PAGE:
Terpenoids: These include the basic terpenoids like limonene which is found in citrus food peels, as well as the carotenoids [Vitamin A precursors], coenzyme Q10, the phytosterols, and the tocopherols and tocotrienols like Vitamin E.
Organo-sulphurs: These are found in cruciferous plants like cabbages and sulphur compounds in garlic.
The most practical way of understanding and incorporating these phytonutrients or beauty shots in our diet is to look at the source of these nutrients. So let’s look at the different kinds of plant food and what sort of nutrients they provide us with.
Beauty shots in fruits
The purple-blue pigment that gives fruits such as blueberries, blackberries, raspberries, blackcurrants and red and purple grapes their unique colouration is called anthocyanidin. This pigment also protects plants from the damaging effects of oxidation. The antioxidant properties of anthocyanidins are now being studied by healthcare researchers who are determining that these pigments don’t just support the health of plants, but of humans as well.
The more we learn about beauty busters or free radicals, the more we realize how they make the skin age faster and lose its elasticity. We can understand, therefore, why antioxidants are gaining an important place in the nutrient table. Among the antioxidants, purple-blue pigments are found to have unique features. They protect cells and tissues from free radical damage in both water-soluble and fat-soluble environments. Further, their free radical scavenging capabilities are thought to be more effective than many of the currently well-known vitamin antioxidants, For instance, their antioxidant activity is almost 50 times that of either Vitamin C or Vitamin E, the vitamins most of us like to befriend!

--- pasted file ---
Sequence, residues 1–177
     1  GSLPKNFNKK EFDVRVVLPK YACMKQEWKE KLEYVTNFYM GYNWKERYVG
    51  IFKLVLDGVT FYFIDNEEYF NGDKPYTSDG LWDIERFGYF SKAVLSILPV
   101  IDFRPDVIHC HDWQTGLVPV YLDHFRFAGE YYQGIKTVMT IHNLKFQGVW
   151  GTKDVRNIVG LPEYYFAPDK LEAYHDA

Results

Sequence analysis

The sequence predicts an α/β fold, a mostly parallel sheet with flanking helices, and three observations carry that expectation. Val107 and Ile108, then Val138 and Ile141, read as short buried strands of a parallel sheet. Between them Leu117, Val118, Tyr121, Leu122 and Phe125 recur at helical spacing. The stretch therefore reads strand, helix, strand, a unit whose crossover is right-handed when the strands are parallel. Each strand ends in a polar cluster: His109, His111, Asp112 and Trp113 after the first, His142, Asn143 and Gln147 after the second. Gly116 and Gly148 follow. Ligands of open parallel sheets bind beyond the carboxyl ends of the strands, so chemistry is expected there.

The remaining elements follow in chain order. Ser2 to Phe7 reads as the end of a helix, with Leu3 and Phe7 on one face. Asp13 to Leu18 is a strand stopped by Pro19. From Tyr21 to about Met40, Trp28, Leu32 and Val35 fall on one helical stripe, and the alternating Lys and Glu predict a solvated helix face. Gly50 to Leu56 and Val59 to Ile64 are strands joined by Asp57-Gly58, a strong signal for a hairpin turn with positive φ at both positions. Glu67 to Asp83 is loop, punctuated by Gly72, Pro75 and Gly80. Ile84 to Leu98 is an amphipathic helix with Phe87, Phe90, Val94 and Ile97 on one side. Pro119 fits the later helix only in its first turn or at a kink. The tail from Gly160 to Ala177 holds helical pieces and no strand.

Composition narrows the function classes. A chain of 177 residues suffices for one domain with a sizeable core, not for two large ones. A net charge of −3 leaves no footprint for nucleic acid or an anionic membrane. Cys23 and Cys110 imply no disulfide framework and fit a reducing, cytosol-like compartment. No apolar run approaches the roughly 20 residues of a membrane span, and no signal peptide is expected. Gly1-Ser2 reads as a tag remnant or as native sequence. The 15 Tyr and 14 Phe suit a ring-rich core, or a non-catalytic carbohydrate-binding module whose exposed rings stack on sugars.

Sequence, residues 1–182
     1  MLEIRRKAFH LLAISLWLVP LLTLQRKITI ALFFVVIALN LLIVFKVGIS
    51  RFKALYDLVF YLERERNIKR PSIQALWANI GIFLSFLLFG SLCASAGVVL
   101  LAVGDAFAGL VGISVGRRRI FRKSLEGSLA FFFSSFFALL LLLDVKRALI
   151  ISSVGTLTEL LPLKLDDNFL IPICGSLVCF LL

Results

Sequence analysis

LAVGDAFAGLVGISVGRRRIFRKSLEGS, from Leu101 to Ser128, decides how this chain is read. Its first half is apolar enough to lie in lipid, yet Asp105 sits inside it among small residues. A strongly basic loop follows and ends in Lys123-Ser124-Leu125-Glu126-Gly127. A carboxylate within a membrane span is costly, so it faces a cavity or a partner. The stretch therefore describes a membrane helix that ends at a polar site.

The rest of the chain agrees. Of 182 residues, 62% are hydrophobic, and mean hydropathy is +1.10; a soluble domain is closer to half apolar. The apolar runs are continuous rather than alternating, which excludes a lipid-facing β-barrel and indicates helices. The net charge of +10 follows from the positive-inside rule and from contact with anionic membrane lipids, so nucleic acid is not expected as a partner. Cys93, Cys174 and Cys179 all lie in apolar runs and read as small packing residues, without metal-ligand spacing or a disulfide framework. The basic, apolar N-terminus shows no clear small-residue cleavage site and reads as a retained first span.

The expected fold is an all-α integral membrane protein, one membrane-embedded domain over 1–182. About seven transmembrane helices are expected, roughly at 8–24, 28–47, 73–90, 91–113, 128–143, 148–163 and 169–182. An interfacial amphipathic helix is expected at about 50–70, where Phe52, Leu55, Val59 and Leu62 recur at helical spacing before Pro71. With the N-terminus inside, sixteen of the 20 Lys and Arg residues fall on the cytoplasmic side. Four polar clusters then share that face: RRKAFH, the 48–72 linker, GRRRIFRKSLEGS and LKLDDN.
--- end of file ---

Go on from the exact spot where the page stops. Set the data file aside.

These substances are also essential in the protection of collagen, the strength provider we spoke about earlier. They prevent the breakdown of collagen and thus protect the skin from aging, so they certainly qualify as genuine beauty foods. Incorporation of these fruits in our daily diet will ensure that we keep aging at bay, the natural way!
Beauty shots in vegetables
Our mothers and grandmothers were right—the foods we loved to hate as children are particularly healthy for us. Members of the Brassica family of vegetables, including broccoli, Brussels sprouts, cabbage, kale and bok choy appear to have significant beauty promoting properties. Studies have shown that people who consume these vegetables frequently have not only a lower risk of developing a variety of cancers, but also a sip of the elusive elixir of youth.
While these vegetables also contain significant vitamin and mineral profiles, the key to their unique health-promoting abilities may be the presence of phytochemical known as gluicosinolate. These have a profound effect on our liver enzymes and beneficially support the metabolism of oestrogen, the most important female hormone. This partially explains the effect that these vegetables have on the softness and texture of the skin as well as its clarity. Indirectly, hormones also maintain good vascularity of the skin, contributing to its glow factor.